China-Africa trade reached USD 220 billion in 2014 along with investments worth USD 32.4 billion, and is estimated to be about USD 300 billion by 2015. According to statistical data by China Customs, in January-December 2017, the import and export value of China-Africa trade amounted to USD 170 billion, up 14.1 percent year on year, 2.7 percent higher than the general increase of foreign trade in the same period. Among these, China’s exports to Africa reached USD 94.74 billion, up 2.7 percent. China’s imports from Africa reached USD 75.26 billion, up 32.8%. The trade surplus was USD 19.48 billion, down 45.2 percent year on year.
Since its inauguration, FOCAC has become a crucial component for institutionalising China’s relations with the African continent. FOCAC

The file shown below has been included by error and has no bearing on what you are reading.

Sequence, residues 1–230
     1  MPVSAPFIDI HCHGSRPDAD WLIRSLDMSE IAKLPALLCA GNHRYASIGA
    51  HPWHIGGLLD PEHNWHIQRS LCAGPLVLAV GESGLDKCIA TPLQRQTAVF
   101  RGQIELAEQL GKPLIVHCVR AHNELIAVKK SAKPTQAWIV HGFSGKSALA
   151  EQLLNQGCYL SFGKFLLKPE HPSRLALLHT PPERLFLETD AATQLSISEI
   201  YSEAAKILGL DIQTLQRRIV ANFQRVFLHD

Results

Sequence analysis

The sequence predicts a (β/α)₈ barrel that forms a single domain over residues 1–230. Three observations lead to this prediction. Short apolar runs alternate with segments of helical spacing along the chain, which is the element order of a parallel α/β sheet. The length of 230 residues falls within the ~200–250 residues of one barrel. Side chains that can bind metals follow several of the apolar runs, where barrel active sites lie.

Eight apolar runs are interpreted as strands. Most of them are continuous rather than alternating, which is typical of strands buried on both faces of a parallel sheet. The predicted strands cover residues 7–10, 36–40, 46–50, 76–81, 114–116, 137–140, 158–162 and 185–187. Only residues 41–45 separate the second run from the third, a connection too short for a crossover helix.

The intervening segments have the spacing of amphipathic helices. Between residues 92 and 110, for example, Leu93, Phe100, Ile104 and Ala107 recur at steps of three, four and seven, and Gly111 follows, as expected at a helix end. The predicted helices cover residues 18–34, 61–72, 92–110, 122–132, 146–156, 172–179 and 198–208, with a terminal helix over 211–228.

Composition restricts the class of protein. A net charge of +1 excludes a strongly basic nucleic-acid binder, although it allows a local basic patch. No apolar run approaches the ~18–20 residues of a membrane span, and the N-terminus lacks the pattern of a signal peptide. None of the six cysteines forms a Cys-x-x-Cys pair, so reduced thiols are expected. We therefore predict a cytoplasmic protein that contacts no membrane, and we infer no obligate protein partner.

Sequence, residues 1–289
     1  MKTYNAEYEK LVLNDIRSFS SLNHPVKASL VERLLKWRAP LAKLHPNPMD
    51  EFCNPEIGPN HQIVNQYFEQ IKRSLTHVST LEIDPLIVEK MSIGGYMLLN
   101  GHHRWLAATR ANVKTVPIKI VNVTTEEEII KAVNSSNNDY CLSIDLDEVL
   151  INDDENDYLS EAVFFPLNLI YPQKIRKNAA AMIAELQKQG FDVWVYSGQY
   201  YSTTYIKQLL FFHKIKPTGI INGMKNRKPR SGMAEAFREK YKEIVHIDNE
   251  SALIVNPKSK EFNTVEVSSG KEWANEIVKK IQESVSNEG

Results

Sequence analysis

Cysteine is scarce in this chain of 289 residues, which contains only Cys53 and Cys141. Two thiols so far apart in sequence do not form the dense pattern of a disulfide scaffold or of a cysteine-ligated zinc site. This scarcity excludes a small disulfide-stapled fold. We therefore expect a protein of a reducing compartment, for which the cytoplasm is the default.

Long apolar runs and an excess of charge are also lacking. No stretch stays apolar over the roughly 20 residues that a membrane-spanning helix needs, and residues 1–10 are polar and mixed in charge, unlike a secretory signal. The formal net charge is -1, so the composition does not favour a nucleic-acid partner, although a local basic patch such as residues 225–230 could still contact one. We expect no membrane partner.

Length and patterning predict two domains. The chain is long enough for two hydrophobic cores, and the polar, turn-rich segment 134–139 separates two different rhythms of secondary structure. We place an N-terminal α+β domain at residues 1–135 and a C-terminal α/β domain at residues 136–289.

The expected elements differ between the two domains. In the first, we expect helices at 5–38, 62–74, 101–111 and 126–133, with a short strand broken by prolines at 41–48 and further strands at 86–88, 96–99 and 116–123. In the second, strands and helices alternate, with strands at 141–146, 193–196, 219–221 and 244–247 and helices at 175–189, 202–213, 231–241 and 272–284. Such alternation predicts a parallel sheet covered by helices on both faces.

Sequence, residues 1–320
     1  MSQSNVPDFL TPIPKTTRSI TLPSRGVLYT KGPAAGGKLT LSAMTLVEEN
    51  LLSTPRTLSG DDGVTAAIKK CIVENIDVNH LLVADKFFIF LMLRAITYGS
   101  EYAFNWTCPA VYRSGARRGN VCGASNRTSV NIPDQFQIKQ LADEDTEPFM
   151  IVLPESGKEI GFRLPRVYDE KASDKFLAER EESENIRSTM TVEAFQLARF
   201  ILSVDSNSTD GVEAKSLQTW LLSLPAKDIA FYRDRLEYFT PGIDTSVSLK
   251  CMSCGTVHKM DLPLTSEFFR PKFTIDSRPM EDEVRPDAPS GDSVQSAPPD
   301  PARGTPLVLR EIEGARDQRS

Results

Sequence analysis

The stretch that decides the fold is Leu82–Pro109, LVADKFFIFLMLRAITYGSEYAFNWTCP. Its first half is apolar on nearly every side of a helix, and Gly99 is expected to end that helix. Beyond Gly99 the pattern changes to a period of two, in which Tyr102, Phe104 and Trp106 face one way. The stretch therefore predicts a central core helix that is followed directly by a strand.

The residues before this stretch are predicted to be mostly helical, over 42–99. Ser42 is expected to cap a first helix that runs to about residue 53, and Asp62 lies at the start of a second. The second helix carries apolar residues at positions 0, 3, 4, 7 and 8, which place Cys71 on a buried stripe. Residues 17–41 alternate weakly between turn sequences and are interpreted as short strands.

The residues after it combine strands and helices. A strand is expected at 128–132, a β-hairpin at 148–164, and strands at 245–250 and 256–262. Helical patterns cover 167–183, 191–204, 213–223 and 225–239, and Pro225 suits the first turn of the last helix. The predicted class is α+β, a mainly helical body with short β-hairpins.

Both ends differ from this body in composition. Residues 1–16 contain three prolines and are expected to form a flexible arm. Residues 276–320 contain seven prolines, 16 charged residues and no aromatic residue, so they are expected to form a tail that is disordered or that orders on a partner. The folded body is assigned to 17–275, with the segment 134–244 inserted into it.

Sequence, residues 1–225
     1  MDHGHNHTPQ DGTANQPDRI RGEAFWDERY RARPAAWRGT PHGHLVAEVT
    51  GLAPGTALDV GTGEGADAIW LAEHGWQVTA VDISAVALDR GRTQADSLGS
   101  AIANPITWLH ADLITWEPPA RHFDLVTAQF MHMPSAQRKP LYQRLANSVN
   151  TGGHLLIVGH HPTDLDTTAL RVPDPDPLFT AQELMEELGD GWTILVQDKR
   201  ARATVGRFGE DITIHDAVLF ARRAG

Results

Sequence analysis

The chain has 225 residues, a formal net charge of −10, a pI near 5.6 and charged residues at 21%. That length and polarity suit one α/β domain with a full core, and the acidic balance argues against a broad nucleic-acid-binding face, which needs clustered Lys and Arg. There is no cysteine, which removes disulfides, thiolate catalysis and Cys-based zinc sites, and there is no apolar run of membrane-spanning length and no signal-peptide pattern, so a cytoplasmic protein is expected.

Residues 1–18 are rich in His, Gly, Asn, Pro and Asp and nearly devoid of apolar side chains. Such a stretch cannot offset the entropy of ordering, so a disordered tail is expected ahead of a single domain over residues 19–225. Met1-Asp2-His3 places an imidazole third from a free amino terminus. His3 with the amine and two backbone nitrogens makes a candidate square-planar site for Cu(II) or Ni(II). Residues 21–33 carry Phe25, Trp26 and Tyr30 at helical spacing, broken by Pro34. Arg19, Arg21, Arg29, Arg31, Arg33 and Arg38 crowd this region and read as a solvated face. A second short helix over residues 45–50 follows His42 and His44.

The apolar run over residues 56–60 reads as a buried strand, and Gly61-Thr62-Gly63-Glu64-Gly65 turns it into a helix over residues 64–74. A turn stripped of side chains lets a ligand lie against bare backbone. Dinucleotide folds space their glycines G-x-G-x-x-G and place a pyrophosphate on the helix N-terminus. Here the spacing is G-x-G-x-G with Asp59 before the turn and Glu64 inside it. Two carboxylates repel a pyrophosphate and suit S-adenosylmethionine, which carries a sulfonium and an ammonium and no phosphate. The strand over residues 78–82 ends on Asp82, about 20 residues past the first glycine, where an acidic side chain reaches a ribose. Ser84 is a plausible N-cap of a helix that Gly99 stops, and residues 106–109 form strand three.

is a multilateral platform for collective, pragmatic consultation and dialogue established jointly by Chinese and African leaders, “in order to further strengthen the friendly cooperation between China and Africa under the new circumstances, to jointly meet the challenge of economic globalisation and to promote common development.” The rhetorical focus is on equality, South-South cooperation, and mutual benefit.
Since its inauguration, FOCAC has become a crucial component for institutionalising China’s relations with the African continent.
The forum meets every three years and is held in Beijing or in an African country on an alternating basis. It charts out a three-year action plan which is carried out on a bilateral basis between countries and is monitored by a follow-up committee. FOCAC has five guiding values embodying the spirit of South-South cooperation namely: equality and mutual benefit, diversity in form and content, emphasis on practical results, pursuit of common progress, and amicable settlement of disputes.